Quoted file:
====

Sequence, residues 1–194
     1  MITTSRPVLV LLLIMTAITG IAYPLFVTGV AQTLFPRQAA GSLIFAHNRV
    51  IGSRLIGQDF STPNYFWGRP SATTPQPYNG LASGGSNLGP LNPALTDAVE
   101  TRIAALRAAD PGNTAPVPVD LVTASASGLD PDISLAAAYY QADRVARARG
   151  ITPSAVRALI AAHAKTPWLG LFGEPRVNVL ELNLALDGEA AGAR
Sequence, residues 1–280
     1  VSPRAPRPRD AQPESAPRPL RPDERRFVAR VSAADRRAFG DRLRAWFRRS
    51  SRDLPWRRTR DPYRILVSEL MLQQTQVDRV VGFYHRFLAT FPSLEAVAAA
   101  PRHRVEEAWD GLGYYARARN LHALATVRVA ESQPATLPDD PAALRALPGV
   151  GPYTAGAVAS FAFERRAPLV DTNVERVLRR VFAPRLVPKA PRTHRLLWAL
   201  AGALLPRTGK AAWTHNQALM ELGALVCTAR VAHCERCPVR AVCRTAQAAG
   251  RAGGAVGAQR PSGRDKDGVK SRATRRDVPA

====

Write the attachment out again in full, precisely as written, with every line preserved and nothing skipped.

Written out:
Sequence, residues 1–194
     1  MITTSRPVLV LLLIMTAITG IAYPLFVTGV AQTLFPRQAA GSLIFAHNRV
    51  IGSRLIGQDF STPNYFWGRP SATTPQPYNG LASGGSNLGP LNPALTDAVE
   101  TRIAALRAAD PGNTAPVPVD LVTASASGLD PDISLAAAYY QADRVARARG
   151  ITPSAVRALI AAHAKTPWLG LFGEPRVNVL ELNLALDGEA AGAR
Sequence, residues 1–280
     1  VSPRAPRPRD AQPESAPRPL RPDERRFVAR VSAADRRAFG DRLRAWFRRS
    51  SRDLPWRRTR DPYRILVSEL MLQQTQVDRV VGFYHRFLAT FPSLEAVAAA
   101  PRHRVEEAWD GLGYYARARN LHALATVRVA ESQPATLPDD PAALRALPGV
   151  GPYTAGAVAS FAFERRAPLV DTNVERVLRR VFAPRLVPKA PRTHRLLWAL
   201  AGALLPRTGK AAWTHNQALM ELGALVCTAR VAHCERCPVR AVCRTAQAAG
   251  RAGGAVGAQR PSGRDKDGVK SRATRRDVPA